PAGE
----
I'll have to check out my pottery stamps. I have a bunch of them that I made from clay an then bisque fired. Some may be suitable for stamping soap. I'll have to test them in my round molds. Another thing I recently found was some great textured buttons at a charity shop and I think they might work with your gold or other mica colors. I'm amazed at all the creative possibilities with soap making.

June
 

seven

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i love using micas/oxides/pigments, and to be honest, i rarely measure.. just eyeballed them till i got the shade i wanted. this particular soap, the bottom part was using orange liquid colorant. while the top part, the white base is water dispersible TD, green apple mica, shamrock green mica, activated charcoal, and neon orange >>> mixed in oils first, except the charcoal (water).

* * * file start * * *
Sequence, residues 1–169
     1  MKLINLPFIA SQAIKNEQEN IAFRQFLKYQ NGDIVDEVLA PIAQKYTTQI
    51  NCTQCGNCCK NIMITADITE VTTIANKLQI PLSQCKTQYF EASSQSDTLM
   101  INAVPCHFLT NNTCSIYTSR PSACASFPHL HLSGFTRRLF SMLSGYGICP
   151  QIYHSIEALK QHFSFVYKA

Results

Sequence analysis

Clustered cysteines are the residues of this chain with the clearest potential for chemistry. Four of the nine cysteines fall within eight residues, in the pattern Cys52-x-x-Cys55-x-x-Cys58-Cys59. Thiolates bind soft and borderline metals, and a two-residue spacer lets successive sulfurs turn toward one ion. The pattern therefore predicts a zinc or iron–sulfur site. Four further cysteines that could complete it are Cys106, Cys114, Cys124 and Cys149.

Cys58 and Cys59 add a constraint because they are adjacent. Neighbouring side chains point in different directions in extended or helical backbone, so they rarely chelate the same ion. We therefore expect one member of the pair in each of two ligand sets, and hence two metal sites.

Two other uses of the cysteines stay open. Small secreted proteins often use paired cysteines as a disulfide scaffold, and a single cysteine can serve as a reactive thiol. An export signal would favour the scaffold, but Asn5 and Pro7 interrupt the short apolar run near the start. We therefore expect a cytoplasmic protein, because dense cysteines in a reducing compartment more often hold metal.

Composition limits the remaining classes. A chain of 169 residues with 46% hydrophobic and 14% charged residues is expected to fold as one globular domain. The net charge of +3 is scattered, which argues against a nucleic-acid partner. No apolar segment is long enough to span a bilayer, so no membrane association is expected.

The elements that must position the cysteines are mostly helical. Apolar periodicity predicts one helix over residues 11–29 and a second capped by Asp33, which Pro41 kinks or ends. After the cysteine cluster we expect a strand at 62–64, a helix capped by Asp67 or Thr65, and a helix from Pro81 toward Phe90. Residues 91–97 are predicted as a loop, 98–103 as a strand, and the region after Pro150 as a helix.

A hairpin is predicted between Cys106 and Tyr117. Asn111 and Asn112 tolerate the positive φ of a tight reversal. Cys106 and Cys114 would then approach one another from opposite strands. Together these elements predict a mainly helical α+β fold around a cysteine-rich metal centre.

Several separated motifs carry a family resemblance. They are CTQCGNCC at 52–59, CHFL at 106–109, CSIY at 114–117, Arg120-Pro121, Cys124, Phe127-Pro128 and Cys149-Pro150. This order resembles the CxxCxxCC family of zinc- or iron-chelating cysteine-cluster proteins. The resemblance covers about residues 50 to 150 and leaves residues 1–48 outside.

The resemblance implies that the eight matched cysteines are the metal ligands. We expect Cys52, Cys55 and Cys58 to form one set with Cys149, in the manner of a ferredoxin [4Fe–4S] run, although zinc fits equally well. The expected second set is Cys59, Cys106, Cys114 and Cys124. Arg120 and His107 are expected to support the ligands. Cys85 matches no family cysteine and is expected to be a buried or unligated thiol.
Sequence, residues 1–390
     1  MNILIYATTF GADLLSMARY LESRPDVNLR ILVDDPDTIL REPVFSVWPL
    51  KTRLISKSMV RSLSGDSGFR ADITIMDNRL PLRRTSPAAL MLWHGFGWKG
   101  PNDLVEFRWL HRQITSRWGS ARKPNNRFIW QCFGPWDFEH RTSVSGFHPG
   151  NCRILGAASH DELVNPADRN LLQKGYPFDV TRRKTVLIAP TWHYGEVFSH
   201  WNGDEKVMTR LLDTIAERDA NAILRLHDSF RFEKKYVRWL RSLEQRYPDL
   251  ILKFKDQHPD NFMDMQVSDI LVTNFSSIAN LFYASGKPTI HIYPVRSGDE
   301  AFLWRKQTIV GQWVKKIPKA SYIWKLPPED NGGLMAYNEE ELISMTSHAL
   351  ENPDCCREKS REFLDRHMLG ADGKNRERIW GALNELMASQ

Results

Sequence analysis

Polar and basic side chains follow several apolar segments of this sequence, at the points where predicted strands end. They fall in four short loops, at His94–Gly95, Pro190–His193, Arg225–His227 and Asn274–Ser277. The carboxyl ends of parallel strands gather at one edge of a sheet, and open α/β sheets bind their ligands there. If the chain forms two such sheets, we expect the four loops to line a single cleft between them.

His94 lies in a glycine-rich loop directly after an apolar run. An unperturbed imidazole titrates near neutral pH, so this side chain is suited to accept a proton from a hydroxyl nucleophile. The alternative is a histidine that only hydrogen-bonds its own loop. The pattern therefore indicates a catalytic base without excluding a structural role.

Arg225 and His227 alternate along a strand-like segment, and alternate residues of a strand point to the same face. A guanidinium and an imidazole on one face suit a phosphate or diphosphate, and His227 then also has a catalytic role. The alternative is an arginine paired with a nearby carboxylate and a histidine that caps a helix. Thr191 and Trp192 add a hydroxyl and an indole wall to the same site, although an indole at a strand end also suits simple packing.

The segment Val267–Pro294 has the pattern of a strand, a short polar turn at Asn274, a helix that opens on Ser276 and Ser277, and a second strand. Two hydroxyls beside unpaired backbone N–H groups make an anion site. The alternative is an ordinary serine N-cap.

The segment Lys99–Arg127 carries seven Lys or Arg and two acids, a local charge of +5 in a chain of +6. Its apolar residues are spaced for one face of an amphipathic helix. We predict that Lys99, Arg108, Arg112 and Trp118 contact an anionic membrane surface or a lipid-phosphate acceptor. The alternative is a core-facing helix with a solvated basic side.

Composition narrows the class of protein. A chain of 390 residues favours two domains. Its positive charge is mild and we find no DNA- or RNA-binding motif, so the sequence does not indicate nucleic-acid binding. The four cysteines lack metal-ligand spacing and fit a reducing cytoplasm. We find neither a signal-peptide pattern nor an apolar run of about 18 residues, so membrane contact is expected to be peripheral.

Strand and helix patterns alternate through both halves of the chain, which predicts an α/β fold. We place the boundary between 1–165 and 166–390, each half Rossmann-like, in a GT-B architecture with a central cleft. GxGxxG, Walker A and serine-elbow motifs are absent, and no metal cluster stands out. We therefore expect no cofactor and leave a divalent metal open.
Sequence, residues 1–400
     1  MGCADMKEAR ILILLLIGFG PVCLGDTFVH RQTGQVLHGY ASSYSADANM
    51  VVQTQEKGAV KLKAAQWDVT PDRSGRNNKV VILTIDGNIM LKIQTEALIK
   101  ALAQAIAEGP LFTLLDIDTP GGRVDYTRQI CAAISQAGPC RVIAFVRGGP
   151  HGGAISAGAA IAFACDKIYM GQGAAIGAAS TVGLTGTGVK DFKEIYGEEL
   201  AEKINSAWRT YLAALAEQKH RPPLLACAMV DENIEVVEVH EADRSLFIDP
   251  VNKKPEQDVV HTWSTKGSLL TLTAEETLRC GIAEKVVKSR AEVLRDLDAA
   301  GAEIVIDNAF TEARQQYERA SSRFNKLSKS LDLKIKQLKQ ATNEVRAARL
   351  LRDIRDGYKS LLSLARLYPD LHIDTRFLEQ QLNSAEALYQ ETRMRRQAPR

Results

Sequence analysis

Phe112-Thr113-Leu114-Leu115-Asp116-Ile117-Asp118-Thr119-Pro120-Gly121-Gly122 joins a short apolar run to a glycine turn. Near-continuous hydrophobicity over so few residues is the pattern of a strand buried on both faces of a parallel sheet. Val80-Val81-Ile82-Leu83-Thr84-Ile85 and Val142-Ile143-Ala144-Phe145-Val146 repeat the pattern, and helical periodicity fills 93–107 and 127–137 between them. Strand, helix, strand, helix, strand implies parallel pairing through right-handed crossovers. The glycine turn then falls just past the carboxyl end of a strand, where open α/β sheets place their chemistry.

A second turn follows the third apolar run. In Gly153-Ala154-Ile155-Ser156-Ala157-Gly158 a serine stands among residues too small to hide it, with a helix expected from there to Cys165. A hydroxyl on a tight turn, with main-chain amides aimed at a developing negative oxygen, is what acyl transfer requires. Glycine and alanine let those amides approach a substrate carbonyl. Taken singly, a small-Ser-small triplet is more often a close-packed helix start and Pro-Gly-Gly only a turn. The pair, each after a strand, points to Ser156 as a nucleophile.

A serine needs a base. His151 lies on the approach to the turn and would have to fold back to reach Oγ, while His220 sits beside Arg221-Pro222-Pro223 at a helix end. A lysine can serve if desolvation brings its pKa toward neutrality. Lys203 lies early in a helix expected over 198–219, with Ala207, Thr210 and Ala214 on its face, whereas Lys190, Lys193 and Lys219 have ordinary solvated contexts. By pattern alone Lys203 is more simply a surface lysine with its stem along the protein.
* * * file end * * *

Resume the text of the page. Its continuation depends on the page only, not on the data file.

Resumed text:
then, i dipped my soap stamps in gold mica and stamp them (i'm a self confessed stamp addict!) :D

orange butter.jpg
 

JuneP

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Luscious colors and pattern. I'll have to check out soap stamps - another newly learned thing today!

June
 

jules92207

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Beautiful soap, seven! I love the colors. I never think to use two different shades of the same color - nice!
 

IrishLass

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Seven, I just can't get over how gorgeous that soap is! It brings me joy to just sit and gaze at it. :)

Okay, here's another one, June:


Above: 2.2 lb batch Santa's Pipe FO (SweetCakes). The red swirl consists of 2/3 cup uncolored soap batter to which was added 1 dash (1/8 tsp.) + 1 pinch (1/16 tsp.) Colorana Bordeaux powdered mica (TKB) + 5 drops Tomato Red liquid colorant (TKB) which were mixed together with 1/2 tsp glycerin first to disperse. The black swirl consists of 2/3 cup uncolored batter + 1 dash (1/8 tsp.) + 1 smidge (1/32 tsp.) activated charcoal (BB) that was mixed in 1/2 tsp. glycerin first to disperse. The remaining 5 2/3 cup of uncolored batter was blended with 1 tsp. TD + 1/8 tsp Super Pearly White mica powder mixed with about 1 tsp. of my batch water first to disperse.

By the way, this soap happily does not bleed any colored lather at all, although one would think it would seeing as how the colors are so vivid.